It's not every day you come across firefighters setting fires to homes.
But that is what a number of departments were doing in Moorhead.
Across the street from the Clay County Courthouse four homes were set on fire over the course of the day.
Each home was set up, and then set ablaze.
The homes are set on fire multiple times, each time exemplifying a way a fire can start.
"We had ones from candle fires or just a house keeping issue inside of a kitchen and then we had some intentional ones where we had those set also," says Moorhead Fire Marshall Chad Stangeland.
There were even some timely examples.
"They showed how the difference between a battery exploding like a cell phone battery exploding versus what it looks like when it's been involved in a fire like if someone left it on a couch," Captain Gary Larsen of the Moorhead Fire Department.
They then have fire investigators come in the homes after they've been put out.
They are shown how to identify what started each fire.
"That's the benefit of having us all work together as a team is we have different points of view we're looking at differently,"Stangeland.
Unlike the other three houses which were burned and used as a refresher course for already instated fire investigators, this home is going to be burned and tomorrow aspiring fire investigators are going to come in and use this as their certification test, determining what caused the fire.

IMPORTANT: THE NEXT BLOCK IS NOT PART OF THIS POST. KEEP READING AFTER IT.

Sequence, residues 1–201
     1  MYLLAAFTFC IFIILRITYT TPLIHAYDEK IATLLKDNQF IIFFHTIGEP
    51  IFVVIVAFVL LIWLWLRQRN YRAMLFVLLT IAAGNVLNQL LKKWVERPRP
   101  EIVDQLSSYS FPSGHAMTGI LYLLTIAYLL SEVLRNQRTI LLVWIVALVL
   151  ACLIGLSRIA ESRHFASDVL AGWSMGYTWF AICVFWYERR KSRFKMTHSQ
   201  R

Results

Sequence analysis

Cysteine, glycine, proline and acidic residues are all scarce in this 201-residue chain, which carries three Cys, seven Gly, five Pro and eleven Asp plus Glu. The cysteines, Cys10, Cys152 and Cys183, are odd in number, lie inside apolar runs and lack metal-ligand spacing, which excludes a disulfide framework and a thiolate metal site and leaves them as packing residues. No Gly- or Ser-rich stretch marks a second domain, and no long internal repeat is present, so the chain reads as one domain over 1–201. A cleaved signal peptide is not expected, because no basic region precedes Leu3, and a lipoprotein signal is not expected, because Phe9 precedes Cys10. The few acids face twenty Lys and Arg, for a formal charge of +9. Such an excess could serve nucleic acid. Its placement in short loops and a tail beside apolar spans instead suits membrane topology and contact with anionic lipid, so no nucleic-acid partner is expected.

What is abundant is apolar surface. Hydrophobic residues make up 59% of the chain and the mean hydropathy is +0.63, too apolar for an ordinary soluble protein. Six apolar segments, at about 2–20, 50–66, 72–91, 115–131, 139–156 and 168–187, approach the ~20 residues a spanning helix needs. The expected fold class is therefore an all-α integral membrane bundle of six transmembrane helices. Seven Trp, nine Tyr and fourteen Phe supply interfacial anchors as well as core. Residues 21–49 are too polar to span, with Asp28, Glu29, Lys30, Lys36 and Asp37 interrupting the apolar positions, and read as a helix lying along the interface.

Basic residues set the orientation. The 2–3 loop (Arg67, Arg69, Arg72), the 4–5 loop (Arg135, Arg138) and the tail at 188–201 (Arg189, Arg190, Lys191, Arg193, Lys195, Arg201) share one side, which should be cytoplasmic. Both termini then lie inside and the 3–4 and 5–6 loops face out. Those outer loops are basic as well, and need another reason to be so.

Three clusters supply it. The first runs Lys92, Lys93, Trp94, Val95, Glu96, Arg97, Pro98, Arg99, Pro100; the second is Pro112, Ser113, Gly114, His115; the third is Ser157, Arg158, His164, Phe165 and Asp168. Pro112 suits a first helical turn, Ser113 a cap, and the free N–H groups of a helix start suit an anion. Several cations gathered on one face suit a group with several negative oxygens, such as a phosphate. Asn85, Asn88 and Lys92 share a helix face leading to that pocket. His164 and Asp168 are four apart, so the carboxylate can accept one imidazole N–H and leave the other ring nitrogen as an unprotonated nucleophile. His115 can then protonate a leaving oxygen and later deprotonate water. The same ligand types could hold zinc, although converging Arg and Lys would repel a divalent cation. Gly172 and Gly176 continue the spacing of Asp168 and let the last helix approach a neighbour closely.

"We're doing the burns and then it will sit overnight then tomorrow they will come in and they will do investigations in here to get certified as arson investigators," says Captain Larsen.
This test is the final one in the process of becoming and investigator.
"In a group usually three to four people you will go in and do a fire investigation on one of the fires like the one we just set and put out. They'll have to determine how it started, interview people, and go through the whole process," says Captain Larsen.
The fire investigators in training will have to turn in a full investigation over the next few months.